BC-MOMS-COMMENTS:MCT _ youth, lifestyle (800 words)
Attack of the Â… who are these people anyway?
By Nancy Rabinowitz-Friedman
Here are some of the choice things said to me recently by friends and family:
As I was on my way to the gym:
“I so admire you, Nancy. I could never leave the house looking like that.”
As I was entering a dressing room to try on bathing suits:
“Are you gonna fit in those?”
As I was apologizing to another mother whose son my own son teased:
“Well, a lot of the boys have been teasing. But of course that’s your son’s fault.”
As I was saying goodbye to a mother who had come to my apartment to pick up her child from a playdate:
“Is this space adequate for you? With two children? You find this adequate?”
As I was discussing a family issue with a visiting (house-guest) relative on my husband’s side:
“Well, you’re an outsider, so you can’t really understand.”
As I was debating putting up bookshelves in my kitchen:
“Well if you want it to look like a cookbook shop in here, go ahead.”
As I was putting a meal in front of my 9-year-old:
“It’s OK Mommy, but it’s not the best.”
What’s going on, here? Since when did I become a punching bag for everybody in town? Even my kid has gotten into the act!
I know, I know, these are stressful times, and people are on edge. But honestly, do they all have to take it out on me?
I’ve been wondering if it’s because I’m a stay-at-home mom. It’s easy to bash the stay-at-home mom. As Jen Lee said on this blog earlier this week, “the value of staying home has been lost …” But the thing is, most of these things (besides my kid’s lovely comment) came from other stay-at-home moms. These are supposed to be my pals, my buddies, my support system. Good thing they’re not my adversaries. What would they say then?
Why is it that women often hurt each other more than they help each other? The woman in the bathing suit situation, for example, might have said something like “Oh _ I hate trying on bathing suits! Good luck! I’m sure you’ll look great.” Thereby commiserating, supporting and positively reinforcing me all with a few phrases. Instead, she went for the kill.
The woman with the problem with my (perfectly adequate, thank you) apartment might have said … well, how about NOTHING!!!!! Just “thanks for the playdate” buh-bye. What makes people think I want to hear their opinion about my life, my clothes or anything else they choose to pick on.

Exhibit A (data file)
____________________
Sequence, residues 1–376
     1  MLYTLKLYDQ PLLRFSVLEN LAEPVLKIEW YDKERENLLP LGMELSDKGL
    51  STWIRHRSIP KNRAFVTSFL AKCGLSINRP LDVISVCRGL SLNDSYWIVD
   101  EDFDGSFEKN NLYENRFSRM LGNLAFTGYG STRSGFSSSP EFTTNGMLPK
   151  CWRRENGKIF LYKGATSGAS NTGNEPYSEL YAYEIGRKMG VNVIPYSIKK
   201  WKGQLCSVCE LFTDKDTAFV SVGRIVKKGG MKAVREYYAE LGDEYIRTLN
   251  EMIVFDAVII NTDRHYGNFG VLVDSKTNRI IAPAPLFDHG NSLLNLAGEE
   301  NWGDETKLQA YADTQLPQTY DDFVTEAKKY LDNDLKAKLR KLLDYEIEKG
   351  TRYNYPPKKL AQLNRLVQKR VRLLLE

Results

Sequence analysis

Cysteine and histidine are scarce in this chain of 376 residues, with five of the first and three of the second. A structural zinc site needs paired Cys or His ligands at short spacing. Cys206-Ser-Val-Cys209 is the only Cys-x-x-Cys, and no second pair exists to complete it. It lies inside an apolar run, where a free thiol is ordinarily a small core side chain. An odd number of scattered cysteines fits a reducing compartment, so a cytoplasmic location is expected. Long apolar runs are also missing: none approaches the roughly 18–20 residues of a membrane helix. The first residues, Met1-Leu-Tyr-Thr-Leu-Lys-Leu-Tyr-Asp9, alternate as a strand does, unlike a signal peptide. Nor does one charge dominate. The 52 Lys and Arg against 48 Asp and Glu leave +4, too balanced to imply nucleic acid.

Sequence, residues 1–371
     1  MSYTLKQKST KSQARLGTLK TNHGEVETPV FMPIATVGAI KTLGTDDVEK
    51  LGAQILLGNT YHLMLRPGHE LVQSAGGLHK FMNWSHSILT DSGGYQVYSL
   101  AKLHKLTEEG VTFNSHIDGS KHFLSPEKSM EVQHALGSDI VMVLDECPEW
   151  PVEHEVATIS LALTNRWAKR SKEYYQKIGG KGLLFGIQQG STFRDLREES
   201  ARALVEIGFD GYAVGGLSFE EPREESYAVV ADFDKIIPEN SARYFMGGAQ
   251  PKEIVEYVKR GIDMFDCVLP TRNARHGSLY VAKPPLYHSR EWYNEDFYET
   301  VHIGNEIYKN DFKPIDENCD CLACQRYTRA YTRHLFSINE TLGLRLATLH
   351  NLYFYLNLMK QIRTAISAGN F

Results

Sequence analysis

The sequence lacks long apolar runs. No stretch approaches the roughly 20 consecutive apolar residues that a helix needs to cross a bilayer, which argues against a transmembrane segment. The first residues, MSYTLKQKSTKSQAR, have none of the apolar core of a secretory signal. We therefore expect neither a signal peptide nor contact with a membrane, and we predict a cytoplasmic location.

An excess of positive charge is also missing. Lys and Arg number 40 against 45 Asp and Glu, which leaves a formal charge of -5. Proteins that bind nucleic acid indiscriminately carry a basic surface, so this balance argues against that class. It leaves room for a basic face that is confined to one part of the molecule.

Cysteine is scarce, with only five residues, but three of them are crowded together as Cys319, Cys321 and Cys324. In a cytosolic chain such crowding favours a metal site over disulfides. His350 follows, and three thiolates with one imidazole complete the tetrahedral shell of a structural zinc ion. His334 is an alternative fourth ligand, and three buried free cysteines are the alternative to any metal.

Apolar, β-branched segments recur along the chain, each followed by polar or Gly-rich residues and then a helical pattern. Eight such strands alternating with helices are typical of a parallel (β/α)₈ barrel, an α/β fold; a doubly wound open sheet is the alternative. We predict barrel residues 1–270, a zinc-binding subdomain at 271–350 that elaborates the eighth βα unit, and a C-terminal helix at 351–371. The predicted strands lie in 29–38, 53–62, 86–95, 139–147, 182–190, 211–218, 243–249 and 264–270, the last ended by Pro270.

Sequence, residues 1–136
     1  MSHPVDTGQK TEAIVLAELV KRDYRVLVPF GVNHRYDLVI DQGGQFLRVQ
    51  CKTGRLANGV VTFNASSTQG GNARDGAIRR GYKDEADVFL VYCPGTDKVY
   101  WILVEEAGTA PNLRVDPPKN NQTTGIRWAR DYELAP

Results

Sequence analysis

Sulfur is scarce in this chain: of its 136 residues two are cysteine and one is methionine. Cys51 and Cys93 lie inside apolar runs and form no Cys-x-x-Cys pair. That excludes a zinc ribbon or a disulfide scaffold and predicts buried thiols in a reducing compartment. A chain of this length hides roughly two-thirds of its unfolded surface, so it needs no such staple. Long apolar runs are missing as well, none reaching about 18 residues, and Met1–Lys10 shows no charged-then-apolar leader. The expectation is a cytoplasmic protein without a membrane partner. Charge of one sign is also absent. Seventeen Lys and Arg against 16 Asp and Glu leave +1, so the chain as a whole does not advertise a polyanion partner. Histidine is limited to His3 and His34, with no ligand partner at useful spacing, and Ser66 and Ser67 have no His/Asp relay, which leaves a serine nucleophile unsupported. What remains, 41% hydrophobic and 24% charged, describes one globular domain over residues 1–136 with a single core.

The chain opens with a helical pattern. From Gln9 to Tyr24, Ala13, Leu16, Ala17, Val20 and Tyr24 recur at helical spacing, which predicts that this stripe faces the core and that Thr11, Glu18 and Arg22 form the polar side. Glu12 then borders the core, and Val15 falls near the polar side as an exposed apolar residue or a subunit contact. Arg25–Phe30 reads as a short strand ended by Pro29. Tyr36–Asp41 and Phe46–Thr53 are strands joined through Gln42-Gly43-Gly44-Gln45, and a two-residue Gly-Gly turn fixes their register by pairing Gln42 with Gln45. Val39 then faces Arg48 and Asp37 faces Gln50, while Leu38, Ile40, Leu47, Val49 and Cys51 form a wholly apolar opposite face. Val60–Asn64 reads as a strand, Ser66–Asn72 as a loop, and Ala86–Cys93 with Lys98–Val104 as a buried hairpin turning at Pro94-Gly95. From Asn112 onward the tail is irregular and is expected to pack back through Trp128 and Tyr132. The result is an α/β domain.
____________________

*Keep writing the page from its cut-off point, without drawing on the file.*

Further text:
But I learned long ago that you can’t make people say what you’d like them to say — or not say. I can, however, in the hindsight of the blogosphere, say what I wanted to say (but didn’t) to these perfectly nasty women.
To the mother who endlessly (and snidely) comments on what I’m wearing:
“Well, not all of us are so shallow that we only care about how we look.”
To the friend (friend!) who is concerned about my bathing suit size
“I’m going to try these on and see. But it’s nice to know your foot fits into your mouth without a problem.”
To the blamer mom:
“Yes, and my son is also responsible for the all the fascist regimes throughout history.”
To the “OMG, you live in a hovel” mom:
“It’s OK as long as you’re not in here filling it up with your ego.”
To the family member who thinks I’m an outsider:
“You mean I’m not one of the family? Great! Now I won’t have to see you again.”
To the cookbook hater:
“I’ve eaten at your house, honey. Trust me, you could use a trip to a cookbook shop.”
To my kid:
“You don’t like it? Don’t eat it.” (Actually, I did say that one. Yay me.)
Bottom line? Well, it may be an old cliche but it’s a good one: if you don’t have anything nice to say don’t say it. And I’d add my own: And if someone has something not nice to say, zing it right back at ’em!
This is an original post from the NYC Moms Blog (http://www.nycmomsblog.com). Nancy Rabinowitz-Friedman writes and rants about momming, aging and her 20-year quest to lose the same 10 pounds at Ageless Body, Timeless Mom.com (http://www.agelessbodytimelessmom.wordpress.com/).

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